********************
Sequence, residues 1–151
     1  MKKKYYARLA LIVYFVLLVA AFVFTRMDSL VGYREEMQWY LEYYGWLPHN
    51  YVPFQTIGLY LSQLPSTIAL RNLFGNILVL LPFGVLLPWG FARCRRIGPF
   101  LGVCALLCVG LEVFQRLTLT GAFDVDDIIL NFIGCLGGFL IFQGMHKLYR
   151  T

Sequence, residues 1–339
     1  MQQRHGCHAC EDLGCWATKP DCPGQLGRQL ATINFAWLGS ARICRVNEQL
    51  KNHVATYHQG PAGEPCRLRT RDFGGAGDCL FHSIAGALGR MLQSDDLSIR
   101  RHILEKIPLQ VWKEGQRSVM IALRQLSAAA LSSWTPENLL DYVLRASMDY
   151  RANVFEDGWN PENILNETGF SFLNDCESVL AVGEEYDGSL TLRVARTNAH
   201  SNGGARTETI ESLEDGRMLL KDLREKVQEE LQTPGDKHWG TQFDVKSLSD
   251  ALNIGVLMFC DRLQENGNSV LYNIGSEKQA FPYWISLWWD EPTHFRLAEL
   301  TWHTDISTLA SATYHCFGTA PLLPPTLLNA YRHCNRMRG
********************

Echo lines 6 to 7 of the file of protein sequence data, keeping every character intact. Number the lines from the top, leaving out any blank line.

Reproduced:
Sequence, residues 1–339
     1  MQQRHGCHAC EDLGCWATKP DCPGQLGRQL ATINFAWLGS ARICRVNEQL